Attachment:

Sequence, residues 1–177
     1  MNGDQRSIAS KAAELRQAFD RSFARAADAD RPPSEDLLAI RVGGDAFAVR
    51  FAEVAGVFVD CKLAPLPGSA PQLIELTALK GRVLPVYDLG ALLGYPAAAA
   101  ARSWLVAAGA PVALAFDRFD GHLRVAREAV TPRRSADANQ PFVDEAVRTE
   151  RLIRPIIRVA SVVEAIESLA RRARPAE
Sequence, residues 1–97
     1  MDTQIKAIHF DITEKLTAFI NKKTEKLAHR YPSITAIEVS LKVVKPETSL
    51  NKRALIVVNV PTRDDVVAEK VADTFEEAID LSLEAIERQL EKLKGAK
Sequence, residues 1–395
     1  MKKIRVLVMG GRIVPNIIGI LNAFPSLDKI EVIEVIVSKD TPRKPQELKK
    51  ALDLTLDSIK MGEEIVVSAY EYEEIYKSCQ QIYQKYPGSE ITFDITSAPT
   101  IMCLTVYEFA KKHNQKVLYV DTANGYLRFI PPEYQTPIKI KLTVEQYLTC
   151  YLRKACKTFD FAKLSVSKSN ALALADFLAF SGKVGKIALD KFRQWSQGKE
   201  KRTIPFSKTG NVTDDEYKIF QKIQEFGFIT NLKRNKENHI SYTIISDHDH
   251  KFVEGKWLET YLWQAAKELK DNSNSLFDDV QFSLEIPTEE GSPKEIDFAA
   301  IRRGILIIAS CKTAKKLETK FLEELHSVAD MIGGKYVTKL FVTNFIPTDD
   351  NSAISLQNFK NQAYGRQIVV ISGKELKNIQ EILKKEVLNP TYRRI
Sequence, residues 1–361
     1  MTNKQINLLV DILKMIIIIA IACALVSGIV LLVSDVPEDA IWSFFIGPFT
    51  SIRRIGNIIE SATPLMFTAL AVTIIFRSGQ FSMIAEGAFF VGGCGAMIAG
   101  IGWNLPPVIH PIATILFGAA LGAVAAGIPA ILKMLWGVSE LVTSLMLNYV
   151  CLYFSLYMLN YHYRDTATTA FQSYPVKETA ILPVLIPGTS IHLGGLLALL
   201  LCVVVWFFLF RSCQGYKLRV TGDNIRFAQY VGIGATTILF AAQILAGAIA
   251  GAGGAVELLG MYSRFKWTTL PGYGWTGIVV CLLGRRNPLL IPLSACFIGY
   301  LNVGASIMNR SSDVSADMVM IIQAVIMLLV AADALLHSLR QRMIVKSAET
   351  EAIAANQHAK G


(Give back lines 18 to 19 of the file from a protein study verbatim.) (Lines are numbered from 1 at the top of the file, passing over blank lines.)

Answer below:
Sequence, residues 1–361
     1  MTNKQINLLV DILKMIIIIA IACALVSGIV LLVSDVPEDA IWSFFIGPFT